Charter Ramps Up Capex

Charter Communications
reported mixed second-quarter
results last week, with revenue
up by nearly 5% and cash flow
up only 1.3%. Capital expenses,
though, rose 25% as the company
invested in DOCSIS 3.0 and
switched digital video gear.

The St. Louis-based MSO also
had another quarter of basic subscriber
losses, losing 76,500 basic
video customers in the period
and ending with 5.3 million total

Despite those basic losses, total
revenue rose 4.8%, to $1.8 billion,
though, in line with its peers,
and digital, high-speed Internet
and telephony growth was at or
above expectations, keeping with
the industry trend toward an increased
focus on higher-margin,
multi-product customers.

Revenue-generating units increased
by about 6,000 in the
period, as the basic customer decline
was off set by an increase of
25,500 digital customers; 21,900
high-speed Internet subscribers;
and 35,200 telephony customers.

CEO Mike Lovett said “virtually
all” of the lost basic customers
were video-only subscribers.
Lovett blamed some of the losses
on increased competitive advertising
from satellite-TV companies
and a continued decline in
household growth.

“That did have a bit of an impact
on us,” Lovett said on an
Aug. 4 call with analysts.

He said Charter’s response is
to focus on bundled video, voice
and Internet services and driving
digital and advanced services
deeper into the household.
“We see retentive benefits associated
with that. There is customer
satisfaction and loyalty that that
comes from all of these products
being in the household.”

In the second quarter, 59.3% of
Charter’s residential customers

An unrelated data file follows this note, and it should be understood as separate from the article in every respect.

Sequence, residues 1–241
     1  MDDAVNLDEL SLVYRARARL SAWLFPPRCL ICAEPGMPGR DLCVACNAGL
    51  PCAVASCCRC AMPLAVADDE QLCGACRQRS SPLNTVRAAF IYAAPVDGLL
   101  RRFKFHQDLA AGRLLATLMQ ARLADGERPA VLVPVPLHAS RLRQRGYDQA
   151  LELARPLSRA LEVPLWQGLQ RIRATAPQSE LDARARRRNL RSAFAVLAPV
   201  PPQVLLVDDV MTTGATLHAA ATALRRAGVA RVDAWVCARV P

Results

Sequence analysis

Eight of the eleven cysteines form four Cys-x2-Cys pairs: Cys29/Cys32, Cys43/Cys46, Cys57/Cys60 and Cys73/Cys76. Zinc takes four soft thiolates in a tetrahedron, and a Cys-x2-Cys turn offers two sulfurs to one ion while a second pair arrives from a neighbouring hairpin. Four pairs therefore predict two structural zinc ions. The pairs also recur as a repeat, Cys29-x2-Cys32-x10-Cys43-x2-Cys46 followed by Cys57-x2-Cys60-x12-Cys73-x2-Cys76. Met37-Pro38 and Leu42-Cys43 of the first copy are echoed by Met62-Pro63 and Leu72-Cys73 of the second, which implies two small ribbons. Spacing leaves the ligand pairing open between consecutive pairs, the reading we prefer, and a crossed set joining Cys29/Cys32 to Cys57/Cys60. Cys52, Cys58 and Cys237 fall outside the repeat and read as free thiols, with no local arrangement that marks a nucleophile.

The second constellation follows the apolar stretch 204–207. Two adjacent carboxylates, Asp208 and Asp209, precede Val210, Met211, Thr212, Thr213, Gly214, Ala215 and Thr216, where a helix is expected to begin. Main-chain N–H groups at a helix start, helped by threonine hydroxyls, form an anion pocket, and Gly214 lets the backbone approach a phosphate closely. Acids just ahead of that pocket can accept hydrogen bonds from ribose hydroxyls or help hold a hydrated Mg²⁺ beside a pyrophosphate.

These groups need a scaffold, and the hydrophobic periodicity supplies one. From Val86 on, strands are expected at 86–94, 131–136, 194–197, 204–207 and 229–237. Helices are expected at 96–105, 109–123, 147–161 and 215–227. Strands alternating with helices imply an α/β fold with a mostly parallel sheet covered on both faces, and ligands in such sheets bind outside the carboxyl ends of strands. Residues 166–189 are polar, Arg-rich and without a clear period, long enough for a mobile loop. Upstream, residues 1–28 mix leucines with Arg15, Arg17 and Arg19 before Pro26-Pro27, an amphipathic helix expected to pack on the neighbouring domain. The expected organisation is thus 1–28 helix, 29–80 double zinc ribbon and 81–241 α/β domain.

subscribed to bundled services,
up from 55.4% a year ago.

Pivotal Research Group principal
and media and communications
analyst Jeff Wlodarczak
called Charter’s results generally
in line with his expectations.
Cash-flow growth fell
short of his estimates — he had
predicted a 3.6% rise — but he
was comfortable with management’s
explanation that higher
capital expenditures t ied
to switched digital video and
DOCSIS 3.0 initiatives cut into

About 25% of Charter’s current
footprint is enabled for switched
digital, which would increase
channel capacity in those systems
enough to provide as many
as 100 HD channels. DOCSIS 3.0,
the ultra-high-speed Internet
standard, is available in about
one-third of Charter’s footprint
today, and is expected to increase
to half its homes passed
by year-end.

Capital expenditures rose
about 25% ($68 million) to $339
million in the quarter. Charter
expects capex for the year to be
about $1.2 billion, up about 9%
and mostly tied to the upgrades.

Lovett said the upgrades are
necessary to keep Charter competitive,
and the company should
start reaping rewards later in the
year and into 2011.

He also sees opportunity in
commercial phone service — revenue
was up about 10% in the second
quarter, to $121 million.

Charter is expanding its commercial
universe to include larger
enterprises; like most of the
cable industry, Charter had focused
on small-to-midsized

He was especially keen on
Charter’s entrance into the cellular
backhaul business, providing
landline connections between
cell towers.

“We continue to gain share in
this segment and we’re broadening
our business-solutions portfolio
as we move up-market into
the carrier and wholesale segment,”
Lovett said. “We’re prioritizing
our investments and
resources to leverage our infrastructure
to drive further commercial